In our church, back when worship was still in the sanctuary, song-leading under this now well-established set of values had—on many Sabbaths—almost snuffed out the voices in the pews. Depending on who was leading, the sound produced by the congregation ranged from “modest” to almost nonexistent.

Creative confusion

Creativity is surely a God-given trait, but in congregational song-leading it can promote exclusion rather than inclusion. I’m not talking about a leader introducing a song by saying what it means to them, or reading an appropriate Bible verse. Such personal touches can be inspiring. I’m referring to turning an opportunity for bringing people together into a chance to show off a whole repertoire of new and challenging pieces you like, and know well, and expecting the rest of us to just magically join in.

There are many songs beyond the hymnal that congregations can learn, and learn to love, over time, something I’ve witnessed with our church’s warm embrace of “In Christ Alone” by Keith and Kristyn Getty. But when every week is a carousel of new and different songs, or ones which make an appearance no more than once or twice a year when certain leaders are on, it’s difficult to get everyone singing from the same page, or rather, screen.

Even setting aside the difficulty that congregations have learning certain varieties of new music, the repetitive choruses of some contemporary songs, coupled with various bridges and verse-tune callbacks, are so complex that I’ve seen even the leaders themselves get mixed up, with some members of the “praise team” almost hypnotically repeating a chorus phrase an eleventh time while others go back to the opening. Whoops! If you can’t keep it straight up there, how do you expect the congregation to follow along?

Similarly, having a group of song leaders doing harmonies, like they’re a trio or a quartet, can be lovely to listen to, but it actually makes it harder for the congregation to sing along. What you view as an extra-special effort to communicate your love or respect for the music isn’t helping those of average musical ability to participate, especially when your harmony has hundreds of watts of amplification behind it.

Threshold of pain

Yes, overamplification is another major reason congregants aren’t singing like they used to. I have nothing against music that conveys power and excitement with volume, and have often been moved by well-amplified voices or instruments. But in the settings I’m referring to, it’s a concert or a recording, not a sing-along. And that’s what over-amplifying voices and instruments for church singing does: It turns music into something to listen to, not participate in. 

I have even heard brass ensembles play along with every verse and every note of a hymn so loudly that, combined with the power of a piano and organ, it forced the PA operators to raise the song leaders’ volume to compensate, taking the congregation to the threshold of auditory pain. We wanted to get in on the excitement, but literally couldn’t hear our own individual voices, let alone others in the sanctuary.

It's great when musicians sing and play their hearts out, but throwing such massive sonic firepower at a congregation that’s just trying to hear themselves simply shuts down singing in the pews—no matter how many times you implore: “Come on, church, sing it with me now!”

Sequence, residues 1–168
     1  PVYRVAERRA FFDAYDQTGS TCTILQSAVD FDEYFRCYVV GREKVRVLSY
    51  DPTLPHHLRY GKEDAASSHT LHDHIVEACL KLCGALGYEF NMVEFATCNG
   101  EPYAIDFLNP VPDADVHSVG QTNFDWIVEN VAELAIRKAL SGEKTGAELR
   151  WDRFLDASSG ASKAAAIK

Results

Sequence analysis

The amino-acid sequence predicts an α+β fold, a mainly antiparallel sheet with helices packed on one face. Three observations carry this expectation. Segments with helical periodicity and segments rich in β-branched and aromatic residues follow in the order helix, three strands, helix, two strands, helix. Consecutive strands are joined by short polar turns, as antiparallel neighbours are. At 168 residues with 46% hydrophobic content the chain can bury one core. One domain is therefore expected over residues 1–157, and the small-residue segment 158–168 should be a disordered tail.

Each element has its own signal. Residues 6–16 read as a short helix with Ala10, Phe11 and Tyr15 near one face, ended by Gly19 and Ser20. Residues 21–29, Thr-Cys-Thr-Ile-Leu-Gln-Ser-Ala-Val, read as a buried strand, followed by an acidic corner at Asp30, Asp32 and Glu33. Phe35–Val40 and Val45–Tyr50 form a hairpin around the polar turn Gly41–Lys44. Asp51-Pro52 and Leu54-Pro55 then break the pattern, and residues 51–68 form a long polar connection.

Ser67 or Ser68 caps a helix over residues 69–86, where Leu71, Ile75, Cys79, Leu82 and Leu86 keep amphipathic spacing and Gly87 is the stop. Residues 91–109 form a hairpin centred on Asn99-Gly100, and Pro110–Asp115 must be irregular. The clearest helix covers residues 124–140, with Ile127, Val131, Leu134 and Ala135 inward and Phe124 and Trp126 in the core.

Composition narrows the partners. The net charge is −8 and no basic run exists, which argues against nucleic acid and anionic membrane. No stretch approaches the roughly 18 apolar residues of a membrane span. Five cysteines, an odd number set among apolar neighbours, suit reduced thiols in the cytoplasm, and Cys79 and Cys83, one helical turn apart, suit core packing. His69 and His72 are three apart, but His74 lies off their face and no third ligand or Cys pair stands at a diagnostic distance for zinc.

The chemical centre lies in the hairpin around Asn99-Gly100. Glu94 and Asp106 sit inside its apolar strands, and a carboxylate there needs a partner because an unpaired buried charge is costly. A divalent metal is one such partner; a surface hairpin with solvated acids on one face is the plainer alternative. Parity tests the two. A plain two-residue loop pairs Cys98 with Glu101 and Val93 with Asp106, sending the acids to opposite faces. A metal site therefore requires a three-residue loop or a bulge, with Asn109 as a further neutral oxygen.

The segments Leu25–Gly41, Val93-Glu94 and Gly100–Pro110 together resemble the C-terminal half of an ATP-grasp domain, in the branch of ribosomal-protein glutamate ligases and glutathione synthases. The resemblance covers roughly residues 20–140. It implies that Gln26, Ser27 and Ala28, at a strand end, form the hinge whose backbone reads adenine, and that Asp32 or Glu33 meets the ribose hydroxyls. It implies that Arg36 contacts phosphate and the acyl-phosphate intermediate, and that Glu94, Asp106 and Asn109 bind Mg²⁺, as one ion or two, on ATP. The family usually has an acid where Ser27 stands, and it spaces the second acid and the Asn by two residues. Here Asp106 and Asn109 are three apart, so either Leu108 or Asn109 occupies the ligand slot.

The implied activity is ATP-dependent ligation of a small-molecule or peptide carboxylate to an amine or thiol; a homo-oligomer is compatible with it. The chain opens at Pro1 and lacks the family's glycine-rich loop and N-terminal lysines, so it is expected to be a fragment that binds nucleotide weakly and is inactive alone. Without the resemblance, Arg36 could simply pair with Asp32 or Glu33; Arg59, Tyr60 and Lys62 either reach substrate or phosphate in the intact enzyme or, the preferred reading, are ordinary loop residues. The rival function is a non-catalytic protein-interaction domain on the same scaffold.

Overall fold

Projecting words on screens is helpful for songs when people already know the tune but are a little rusty on the lyrics. It really doesn’t help much when the song itself is new or rarely sung, and has melodic surprises or rhythmic irregularities. That said, I’m always up for learning new music that’s intuitively singable—not to be confused with music that a group of talented musicians who have practiced before church can manage to sing.

The architectural aspect of congregational singing is simple: A certain level of reverb, or echo, helps congregational singers hear themselves, giving them confidence and joy. When a church is designed primarily as a performance venue for those up front, with the assumption that amplification can overcome the sound-deadening effects of heavily padded surfaces or interior acoustics that don’t support reverb, the congregation—straining to hear their collective voice—suffers.

Sometimes we do need to sit and listen and have sound projected at us. But when it’s time to sing together, the building itself should reinforce and feed back the sound we are making.

Invitation to silence

I’m not sure that all music leaders even expect or want congregational participation anymore. Some leaders appear to neither notice nor care when the lips of those in the pews are closed or barely moving during singing. Or maybe they do notice, but believe that even more volume and performative enthusiasm will get the congregation going. 

It’s not working.

What often radiates from the musicians “on stage” is simply self-absorption: We are so, so into creating this sound! We feel a passion for this music, have arranged it in a way that’s fun for us to sing up here, and are giving it all we’ve got. Go ahead, try to join in, but right now we’ve got the microphones, we’re listening to ourselves, and basically you’re on your own!

A friend who is a veteran of accompanying church song leaders on the piano recently told me that she tried during one rehearsal to get a particular praise team to choose more familiar songs, simplify the arrangements, and back off on the volume. “Your job while leading songs is to bring as many people into the singing as you can, not to give a concert,” she suggested helpfully.

They wouldn’t hear of it. And on Sabbath morning, as they held their wireless mikes close to their lips, wove in and out of complex arrangements of unfamiliar songs, expressively raised their hands, closed their eyes in rapture, and blasted the sanctuary with ever-increasing decibel levels from keyboards, guitars, and drums . . . neither could the congregation.

As we’ll discuss later, less really can be more when it comes to congregational singing.